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tax changes

Finance Minister Bill Morneau rises during question period in the House of Commons on Parliament Hill in Ottawa, on Sept.28, 2017.Adrian Wyld/The Canadian Press

Bill Morneau is offending small business owners with his talk of "dead money" and tax-the-rich rhetoric, Opposition MPs say.

The Finance Minister appeared for an hour on Thursday at the House of Commons finance committee, which has concluded seven hours of study on the topic. The government's official 75-day consultation period ends on Monday.

A day earlier, Mr. Morneau made a new defence of his proposals during a visit with The Globe and Mail's editorial board. In that meeting, Mr. Morneau said the proposals are not just about encouraging tax fairness, but are also aimed at creating incentives for small businesses to re-invest their savings into their businesses rather than leaving the cash as "dead money" that fails to generate economic growth.

Related: Tax changes will target 'dead money' and boost investment, Morneau says

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Conservative MPs challenged that language during Thursday's committee meeting. Finance critic Pierre Poilievre asked why the minister's changes would not affect large publicly traded companies such as the human resources firm Morneau Sheppell, where Mr. Morneau was executive chair.

"When small businesses save money in their company, [you say] it's dead money," Mr. Poilievre said. "But when a big multinational company, like Morneau Shepell or Bombardier for that matter, set aside billions of dollars of so-called passive income, that's just fine and there will be no new taxes on that money. Can you at all understand why the owner of the corner store or the family farmer is offended that you would impose higher taxes on their savings, but companies like your billion-dollar family business will not pay a penny more? Can you understand why some are offended by that?"

While the minister did not repeat the phrase "dead money" on Thursday, he restated the argument that the reforms are about creating an incentive for companies to reinvest in their business.

"We're trying to make sure that we have a system that has the right incentives and creates the opportunity for small businesses to thrive while not creating a large ability for people to defer taxes that others can't have," he said.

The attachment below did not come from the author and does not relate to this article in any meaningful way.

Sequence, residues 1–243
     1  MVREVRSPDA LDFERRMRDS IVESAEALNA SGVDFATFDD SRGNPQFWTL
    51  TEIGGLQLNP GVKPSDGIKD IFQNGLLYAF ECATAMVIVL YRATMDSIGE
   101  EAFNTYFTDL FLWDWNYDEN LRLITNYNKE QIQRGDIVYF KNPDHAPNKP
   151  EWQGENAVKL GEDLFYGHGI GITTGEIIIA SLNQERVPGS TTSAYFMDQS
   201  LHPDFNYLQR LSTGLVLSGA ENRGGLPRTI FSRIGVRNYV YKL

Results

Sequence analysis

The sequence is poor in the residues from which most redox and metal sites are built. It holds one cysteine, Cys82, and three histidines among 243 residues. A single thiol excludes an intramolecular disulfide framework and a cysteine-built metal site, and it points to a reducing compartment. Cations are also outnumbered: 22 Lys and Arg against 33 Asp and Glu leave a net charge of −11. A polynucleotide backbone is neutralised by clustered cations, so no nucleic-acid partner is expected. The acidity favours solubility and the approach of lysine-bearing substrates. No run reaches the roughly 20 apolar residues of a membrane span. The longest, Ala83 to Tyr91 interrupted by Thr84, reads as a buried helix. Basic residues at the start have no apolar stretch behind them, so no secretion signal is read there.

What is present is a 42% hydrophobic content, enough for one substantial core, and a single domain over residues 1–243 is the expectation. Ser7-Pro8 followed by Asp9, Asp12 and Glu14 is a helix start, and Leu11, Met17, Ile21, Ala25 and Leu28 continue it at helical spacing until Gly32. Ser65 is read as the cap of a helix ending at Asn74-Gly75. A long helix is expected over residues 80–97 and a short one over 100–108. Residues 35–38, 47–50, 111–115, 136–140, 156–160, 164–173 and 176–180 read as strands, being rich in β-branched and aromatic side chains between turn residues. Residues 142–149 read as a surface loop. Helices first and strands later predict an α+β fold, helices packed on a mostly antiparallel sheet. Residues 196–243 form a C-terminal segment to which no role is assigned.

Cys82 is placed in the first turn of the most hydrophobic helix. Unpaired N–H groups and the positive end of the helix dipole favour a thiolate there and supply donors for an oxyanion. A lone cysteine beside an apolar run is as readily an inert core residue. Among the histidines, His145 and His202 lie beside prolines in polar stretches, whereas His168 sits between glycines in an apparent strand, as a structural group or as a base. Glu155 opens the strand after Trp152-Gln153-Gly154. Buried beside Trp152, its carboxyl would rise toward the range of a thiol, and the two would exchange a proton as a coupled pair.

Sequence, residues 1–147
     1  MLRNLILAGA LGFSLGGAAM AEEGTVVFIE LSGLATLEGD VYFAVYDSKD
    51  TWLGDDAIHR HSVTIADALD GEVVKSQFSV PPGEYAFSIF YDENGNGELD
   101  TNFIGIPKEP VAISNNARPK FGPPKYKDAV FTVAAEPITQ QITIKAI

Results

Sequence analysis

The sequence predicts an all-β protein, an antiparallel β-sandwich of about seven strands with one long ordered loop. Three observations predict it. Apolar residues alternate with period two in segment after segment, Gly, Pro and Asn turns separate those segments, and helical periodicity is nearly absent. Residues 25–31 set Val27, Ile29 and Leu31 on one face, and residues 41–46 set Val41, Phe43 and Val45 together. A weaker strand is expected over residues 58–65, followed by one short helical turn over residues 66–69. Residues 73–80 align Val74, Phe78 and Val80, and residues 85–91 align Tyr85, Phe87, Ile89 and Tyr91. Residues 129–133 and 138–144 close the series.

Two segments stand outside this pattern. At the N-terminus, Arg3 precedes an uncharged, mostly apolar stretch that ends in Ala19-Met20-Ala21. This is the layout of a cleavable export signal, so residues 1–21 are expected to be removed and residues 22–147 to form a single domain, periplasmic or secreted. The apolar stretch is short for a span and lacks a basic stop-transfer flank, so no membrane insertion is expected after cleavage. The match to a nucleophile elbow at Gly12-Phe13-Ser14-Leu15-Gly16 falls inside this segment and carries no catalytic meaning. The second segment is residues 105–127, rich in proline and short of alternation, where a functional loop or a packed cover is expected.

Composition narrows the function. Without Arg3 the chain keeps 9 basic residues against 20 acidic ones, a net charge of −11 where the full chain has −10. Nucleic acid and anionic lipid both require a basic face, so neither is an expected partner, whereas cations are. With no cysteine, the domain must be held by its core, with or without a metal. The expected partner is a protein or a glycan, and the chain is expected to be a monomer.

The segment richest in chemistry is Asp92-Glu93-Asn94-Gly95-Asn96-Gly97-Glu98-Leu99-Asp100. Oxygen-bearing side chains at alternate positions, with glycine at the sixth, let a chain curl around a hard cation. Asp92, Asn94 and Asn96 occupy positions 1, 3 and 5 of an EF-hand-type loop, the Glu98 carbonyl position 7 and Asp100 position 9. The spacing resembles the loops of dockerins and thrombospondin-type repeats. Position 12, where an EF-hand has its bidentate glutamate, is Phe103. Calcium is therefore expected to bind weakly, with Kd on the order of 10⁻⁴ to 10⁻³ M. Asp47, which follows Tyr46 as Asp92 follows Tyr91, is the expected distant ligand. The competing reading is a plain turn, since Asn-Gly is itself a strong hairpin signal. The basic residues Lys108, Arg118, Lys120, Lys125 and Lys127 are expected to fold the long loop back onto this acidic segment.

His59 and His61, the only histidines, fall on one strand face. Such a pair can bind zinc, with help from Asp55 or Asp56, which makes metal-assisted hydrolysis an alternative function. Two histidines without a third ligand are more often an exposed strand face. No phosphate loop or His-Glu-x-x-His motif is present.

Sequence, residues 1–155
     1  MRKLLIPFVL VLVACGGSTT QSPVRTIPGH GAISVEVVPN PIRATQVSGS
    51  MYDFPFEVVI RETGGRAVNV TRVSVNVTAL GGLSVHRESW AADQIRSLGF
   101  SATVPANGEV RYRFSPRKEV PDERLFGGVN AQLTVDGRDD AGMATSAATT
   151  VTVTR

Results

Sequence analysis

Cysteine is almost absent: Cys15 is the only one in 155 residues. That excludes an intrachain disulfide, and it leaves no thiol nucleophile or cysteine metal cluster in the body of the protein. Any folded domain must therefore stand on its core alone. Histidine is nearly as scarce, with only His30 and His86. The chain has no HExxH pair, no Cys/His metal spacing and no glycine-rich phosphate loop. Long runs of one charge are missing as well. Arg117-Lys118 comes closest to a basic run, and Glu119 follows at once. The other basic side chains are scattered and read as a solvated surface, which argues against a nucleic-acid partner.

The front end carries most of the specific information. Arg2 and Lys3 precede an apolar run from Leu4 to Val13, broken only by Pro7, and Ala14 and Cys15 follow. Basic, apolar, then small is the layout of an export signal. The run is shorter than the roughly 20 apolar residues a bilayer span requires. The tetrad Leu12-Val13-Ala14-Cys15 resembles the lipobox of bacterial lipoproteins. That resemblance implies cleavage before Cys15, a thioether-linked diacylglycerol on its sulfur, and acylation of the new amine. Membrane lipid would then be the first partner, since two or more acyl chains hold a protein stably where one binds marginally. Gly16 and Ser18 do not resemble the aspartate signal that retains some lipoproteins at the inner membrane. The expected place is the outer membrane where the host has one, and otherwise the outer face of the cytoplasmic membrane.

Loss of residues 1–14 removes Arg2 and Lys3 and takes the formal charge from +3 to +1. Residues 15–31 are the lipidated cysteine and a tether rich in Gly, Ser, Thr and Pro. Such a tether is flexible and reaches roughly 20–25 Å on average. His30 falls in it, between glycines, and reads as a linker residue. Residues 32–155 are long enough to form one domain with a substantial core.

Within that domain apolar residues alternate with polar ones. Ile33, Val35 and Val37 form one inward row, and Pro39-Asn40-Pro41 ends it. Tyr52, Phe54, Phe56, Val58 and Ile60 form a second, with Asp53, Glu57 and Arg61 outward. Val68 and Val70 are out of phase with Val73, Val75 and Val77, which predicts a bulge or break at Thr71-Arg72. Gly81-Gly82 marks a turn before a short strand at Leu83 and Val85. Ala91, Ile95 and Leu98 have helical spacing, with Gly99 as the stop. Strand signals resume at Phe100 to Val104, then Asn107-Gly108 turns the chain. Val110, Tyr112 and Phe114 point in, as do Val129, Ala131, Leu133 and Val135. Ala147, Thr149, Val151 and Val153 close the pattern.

Later in the day during Question Period, Conservative MPs said Mr. Morneau should have recused himself from the tax issue in light of the potential for Morneau Shepell to receive additional pension management work if business owners cannot use passive investments in their corporations to save for retirement.

Mr. Morneau told The Globe this week that such concerns are "absolutely absurd."

Kevyn Nightingale, an accountant with the firm MNP, said Morneau Shepell could stand to benefit from additional business as a result of the changes. He also dismissed Mr. Morneau's argument about dead money.

"When you are a private owner of money, you never let it go dead," Mr. Nightingale said in an interview. "That's just self-defeating. Who takes their own money and says, 'I'm going to let it do nothing?'"

Mr. Nightingale compared Mr. Morneau's latest line of defence to a quarterback scrambling to salvage a broken play.

"That's exactly what's going on here. He's making it up on the fly," he said. "It really has nothing to do with this legislation. It is a diversionary tactic."

The government's proposals would limit the ability of incorporated small business owners to "sprinkle" income to family members who are not directly involved in the business. They would also limit the use of small businesses as a vehicle for making passive investments.

The Liberal government's next battle on the tax front will come on Tuesday, when Prime Minister Justin Trudeau hosts a meeting of first ministers in Ottawa. Several premiers have expressed concerns about the tax proposals, including the possibility that they could lead to a shortage of doctors.

A government official said the agenda will include a section on economic growth and job creation, with a specific discussion of the tax proposals with Mr. Morneau.